There seems to be a trend for awful Internet banner ads promising “3 weird fat loss tips” or the secret to a flat stomach if you follow this “one weird tip”. Perhaps someone’s done market research and found the word “weird” to be particularly effective, or maybe it’s just testament to a chronic lack of imagination amongst Internet marketers. Either way I’m jumping on the bandwagon here.
The trouble with sleep articles is they tend to be pretty effective cures for insomnia themselves, ie; boring. So in a valiant attempt to buck the trend here are some slightly weird tips, and if you fall asleep reading it I still win.
1- Ear plugs
My bedroom is not noisy, but I recently tried using earplugs anyway and still saw an improvement in sleep quality. Depriving yourself of all sense of hearing save your own slow breathing and the steady white noise of blood moving in your dozy head creates a nice little hypnotic sleep cocoon.
The same applies for visual stimulation, blackout curtains are ideal, but an eye mask is a good second option, even if you already think your room is pretty dark.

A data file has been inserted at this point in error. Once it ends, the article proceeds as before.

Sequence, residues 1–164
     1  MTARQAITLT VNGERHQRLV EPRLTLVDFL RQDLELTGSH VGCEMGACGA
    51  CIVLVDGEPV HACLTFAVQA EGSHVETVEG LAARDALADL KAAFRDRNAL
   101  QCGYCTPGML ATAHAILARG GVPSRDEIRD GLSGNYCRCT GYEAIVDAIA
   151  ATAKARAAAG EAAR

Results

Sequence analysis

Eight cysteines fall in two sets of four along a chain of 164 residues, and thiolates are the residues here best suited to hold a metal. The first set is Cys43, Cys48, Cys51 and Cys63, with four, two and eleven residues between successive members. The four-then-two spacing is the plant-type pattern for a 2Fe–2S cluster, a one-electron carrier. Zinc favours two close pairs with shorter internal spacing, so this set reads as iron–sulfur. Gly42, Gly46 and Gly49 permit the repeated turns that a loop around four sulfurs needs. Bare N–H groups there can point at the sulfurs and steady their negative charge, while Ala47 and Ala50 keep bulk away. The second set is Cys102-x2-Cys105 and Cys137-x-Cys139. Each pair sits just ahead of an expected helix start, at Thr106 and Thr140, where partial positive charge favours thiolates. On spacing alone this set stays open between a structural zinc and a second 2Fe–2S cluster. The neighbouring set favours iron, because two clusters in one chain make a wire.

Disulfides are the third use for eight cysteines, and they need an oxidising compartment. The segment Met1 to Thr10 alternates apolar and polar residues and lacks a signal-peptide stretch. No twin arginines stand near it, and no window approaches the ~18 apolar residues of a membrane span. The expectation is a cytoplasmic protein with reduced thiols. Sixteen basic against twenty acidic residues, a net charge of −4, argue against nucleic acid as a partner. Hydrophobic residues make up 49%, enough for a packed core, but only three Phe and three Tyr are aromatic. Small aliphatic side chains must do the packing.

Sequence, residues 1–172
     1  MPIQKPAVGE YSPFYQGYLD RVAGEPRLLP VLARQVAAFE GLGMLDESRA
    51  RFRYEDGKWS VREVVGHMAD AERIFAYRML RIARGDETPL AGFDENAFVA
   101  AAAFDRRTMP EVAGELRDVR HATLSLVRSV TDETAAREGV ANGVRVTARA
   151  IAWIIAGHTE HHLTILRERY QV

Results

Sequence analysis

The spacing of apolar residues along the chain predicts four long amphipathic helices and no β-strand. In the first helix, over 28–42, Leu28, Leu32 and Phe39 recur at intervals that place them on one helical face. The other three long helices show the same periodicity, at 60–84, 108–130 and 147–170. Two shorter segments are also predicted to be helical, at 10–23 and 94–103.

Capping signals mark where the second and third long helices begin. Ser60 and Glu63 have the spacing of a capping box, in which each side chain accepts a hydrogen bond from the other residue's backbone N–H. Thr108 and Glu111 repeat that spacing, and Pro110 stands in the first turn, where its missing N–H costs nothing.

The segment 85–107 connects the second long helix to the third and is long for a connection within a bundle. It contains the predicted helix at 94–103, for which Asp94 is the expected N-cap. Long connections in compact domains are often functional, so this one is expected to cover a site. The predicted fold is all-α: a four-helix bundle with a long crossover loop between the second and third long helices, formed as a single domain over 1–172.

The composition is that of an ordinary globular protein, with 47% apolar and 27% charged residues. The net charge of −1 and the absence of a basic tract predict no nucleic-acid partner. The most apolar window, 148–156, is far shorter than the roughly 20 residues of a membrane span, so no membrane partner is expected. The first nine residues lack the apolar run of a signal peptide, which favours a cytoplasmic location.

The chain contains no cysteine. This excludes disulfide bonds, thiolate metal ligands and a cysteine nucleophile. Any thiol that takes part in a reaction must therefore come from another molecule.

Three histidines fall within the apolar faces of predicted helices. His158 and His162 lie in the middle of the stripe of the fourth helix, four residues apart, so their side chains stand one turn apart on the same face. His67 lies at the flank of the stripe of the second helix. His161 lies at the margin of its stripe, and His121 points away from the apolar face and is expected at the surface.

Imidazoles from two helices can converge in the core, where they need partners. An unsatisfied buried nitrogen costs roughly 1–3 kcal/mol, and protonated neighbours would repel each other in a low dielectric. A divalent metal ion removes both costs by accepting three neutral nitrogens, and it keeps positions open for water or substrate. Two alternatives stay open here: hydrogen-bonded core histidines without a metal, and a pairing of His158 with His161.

2- Binaural beats
Stay with me here. Binaural beats or tones are “apparent” sounds, the perception of which is created when tones at two different frequencies are played through headphones to each ear. The effect was discovered in the 1800’s and it’s been claimed they can produce states of enhanced relaxation, meditation or creativity. Presumably in the 1800’s it was quite a difficult affair to try the effect for yourself, naturally in 2012 there’s an app for it.
I downloaded an app called AmbiSci to try this out as part of a recent obsession with altered states of consciousness and how to achieve them naturally (and without turning into a monkey like John Hurt in the movie of the same name). It took about a week of practising every night before I noticed changes, but I can now get into an almost lucid dream state within a few minutes of popping the headphones in. After about half an hour of this I remove the headphones and go straight into a deep sleep. That’s just my experience, but I suggest you give it a go.
3- Sleep cycle
While I’m on a technology theme, this app is worth a try too. It uses the movement sensor in the iPhone to build a picture of your sleep cycle based on your movements in bed. Then, using this possibly spurious voodoo, the app will wake you up within a half hour window prior to your alarm coinciding with your lightest possible sleep state. I’ve used it a bit and have always had the sensation that I was already awake when the alarm went off. Odd but interesting, try for yourself.